Does it make a difference that the God Christians claim to worship has revealed himself as triune-the Father, Son, and Holy Spirit? Does this fundamental truth of biblical authority have an effect on a believer's personal fellowship with God?
Puritan theologian John Owen recognized the great need for every believer to understand the triune God. Communion with the Triune God revisits the truth presented by John Owen and challenges all believers to truly recognize and appreciate the ministry that God the Father, God the Son, and God the Holy Spirit have in their lives. This work of John Owen encourages Christians to enjoy true communion with each person of the triune God.
“only by the Spirit can anyone truly know God and enjoy his love and grace.” (Page 38)
“The return that the saints make unto him, to complete communion with him herein, holds some analogy with his love in this; for it is a love also of rest and delight.35 ‘Return unto your rest, my soul,’ says David (Ps. 116:7). He makes God his rest; that is, he in whom his soul does rest, without seeking further for a more suitable and desirable object. ‘Whom have I,’ says he, ‘in heaven but you and there is none upon earth that I desire beside you’ (Ps. 73:25).36 Thus the soul gathers itself from all its wanderings, from all other beloveds, to rest in God alone—to satiate and content itself in him; choosing the Father for his present and eternal rest. And this also with delight.” (Page 116)
“For that suitable return which is required, this also (in a main part of it, beyond which I shall not now extend it) consists in love (Deut. 6:4–5). God loves, that he may be beloved.24 When he comes to command the return of his received love, to complete communion with him, he says, ‘My son, give me your heart’ (Prov. 23:26)—your affections, your love. ‘You shall love the Lord your God with all your heart, and with all your soul, and with all your strength, and with all your mind’ (Luke 10:27); this is the return that he demands. When the soul sees God, in his dispensation of love, to be love, to be infinitely lovely and loving, rests upon and delights in him as such, then has its communion with him in love. This is love: that God loves us first, and then we love him again.” (Page 113)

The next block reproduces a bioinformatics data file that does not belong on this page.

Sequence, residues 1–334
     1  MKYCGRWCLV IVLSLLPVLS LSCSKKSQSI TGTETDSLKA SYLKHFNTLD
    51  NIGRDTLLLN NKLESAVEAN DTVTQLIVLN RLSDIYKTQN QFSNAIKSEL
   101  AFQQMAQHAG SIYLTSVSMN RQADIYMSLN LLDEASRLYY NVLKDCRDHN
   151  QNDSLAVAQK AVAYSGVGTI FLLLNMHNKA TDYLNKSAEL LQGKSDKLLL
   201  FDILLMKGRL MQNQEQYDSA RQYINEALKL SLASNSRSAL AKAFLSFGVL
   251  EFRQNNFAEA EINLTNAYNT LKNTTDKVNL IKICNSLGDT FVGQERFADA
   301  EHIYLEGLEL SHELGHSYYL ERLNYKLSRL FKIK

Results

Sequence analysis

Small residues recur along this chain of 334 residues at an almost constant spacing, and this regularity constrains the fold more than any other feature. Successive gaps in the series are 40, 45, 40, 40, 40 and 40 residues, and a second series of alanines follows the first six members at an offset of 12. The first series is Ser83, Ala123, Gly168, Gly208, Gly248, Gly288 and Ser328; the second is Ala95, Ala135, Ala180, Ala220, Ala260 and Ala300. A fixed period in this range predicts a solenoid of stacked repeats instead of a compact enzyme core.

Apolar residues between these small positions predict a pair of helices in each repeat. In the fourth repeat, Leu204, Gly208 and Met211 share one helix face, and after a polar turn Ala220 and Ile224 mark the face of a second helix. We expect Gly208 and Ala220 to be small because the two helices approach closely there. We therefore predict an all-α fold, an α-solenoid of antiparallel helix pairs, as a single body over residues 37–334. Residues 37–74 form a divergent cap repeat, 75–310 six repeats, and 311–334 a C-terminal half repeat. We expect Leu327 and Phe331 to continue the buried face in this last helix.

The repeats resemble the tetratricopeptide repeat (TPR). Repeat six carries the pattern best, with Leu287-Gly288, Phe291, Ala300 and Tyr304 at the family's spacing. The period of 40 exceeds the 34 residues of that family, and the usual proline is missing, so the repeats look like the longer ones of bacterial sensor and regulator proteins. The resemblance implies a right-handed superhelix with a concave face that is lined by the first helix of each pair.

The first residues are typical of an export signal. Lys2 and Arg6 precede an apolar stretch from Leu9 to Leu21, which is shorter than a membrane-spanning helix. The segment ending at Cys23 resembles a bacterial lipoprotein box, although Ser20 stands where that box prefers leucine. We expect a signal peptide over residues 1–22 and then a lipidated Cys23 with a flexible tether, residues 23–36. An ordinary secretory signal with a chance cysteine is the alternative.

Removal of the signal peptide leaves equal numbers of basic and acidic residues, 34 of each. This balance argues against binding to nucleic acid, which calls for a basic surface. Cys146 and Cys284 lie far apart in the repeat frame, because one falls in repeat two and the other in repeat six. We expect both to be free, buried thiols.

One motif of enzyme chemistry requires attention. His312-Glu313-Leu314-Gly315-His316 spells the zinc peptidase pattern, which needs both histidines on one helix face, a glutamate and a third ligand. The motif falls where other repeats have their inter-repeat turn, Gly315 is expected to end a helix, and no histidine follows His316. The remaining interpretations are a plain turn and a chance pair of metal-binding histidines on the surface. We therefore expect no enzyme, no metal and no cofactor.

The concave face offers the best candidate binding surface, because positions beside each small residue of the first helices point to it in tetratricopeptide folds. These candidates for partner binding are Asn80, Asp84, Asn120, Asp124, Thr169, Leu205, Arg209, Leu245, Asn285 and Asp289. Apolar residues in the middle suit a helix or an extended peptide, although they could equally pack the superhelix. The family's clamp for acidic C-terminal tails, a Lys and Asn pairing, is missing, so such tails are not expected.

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John Owen was born at Stadhampton, Oxfordshire in 1616. He entered Queen's College, Oxford, at the age of twelve and completed his M.A. in classics and theology in 1635 at the age of nineteen. He was ordained shortly thereafter and left the university to be a chaplain to the family of a noble lord. His first parish, in 1637, was at Fordham in Essex, to which he went while England was involved in civil war. It was here that he became convinced that the Congregational way was the scriptural form of church government. In the 1640s he became chaplain to Oliver Cromwell, the new "Protector of England," and traveled with him on his expeditions to Ireland and Scotland. Between 1651 and 1660, he played a prominent part in the religious, political, and academic life of the nation. In 1651 he was appointed dean of Christ Church and in 1652 made Vice-Chancellor of Oxford—positions which allowed him to train ministers for the Cromwellian state church. He lost his position in 1660, however, when the restoration of the monarchy began after the death of Cromwell in 1658. Owen moved to London and led the Puritans through the bitter years of religious and political persecution—experiences which shaped his theological inquiry, pastoral reflection, and preaching. He also declined invitations to the ministry in Boston in 1663, and declined an offer to become president of Harvard in 1670. He died in August, 1683.